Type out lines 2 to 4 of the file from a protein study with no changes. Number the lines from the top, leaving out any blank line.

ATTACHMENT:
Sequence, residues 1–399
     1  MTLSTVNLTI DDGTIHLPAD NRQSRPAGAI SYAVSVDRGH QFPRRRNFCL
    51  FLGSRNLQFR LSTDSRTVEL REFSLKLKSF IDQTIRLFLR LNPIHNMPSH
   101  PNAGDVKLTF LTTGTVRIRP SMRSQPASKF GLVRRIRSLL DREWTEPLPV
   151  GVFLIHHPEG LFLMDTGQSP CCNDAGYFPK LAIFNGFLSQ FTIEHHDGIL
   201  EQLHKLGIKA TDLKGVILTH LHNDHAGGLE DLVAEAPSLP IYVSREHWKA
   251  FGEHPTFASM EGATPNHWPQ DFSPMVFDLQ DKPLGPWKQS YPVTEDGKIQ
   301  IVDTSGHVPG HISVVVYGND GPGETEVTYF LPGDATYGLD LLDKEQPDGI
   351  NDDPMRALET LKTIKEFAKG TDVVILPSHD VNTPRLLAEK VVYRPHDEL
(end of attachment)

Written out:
     1  MTLSTVNLTI DDGTIHLPAD NRQSRPAGAI SYAVSVDRGH QFPRRRNFCL
    51  FLGSRNLQFR LSTDSRTVEL REFSLKLKSF IDQTIRLFLR LNPIHNMPSH
   101  PNAGDVKLTF LTTGTVRIRP SMRSQPASKF GLVRRIRSLL DREWTEPLPV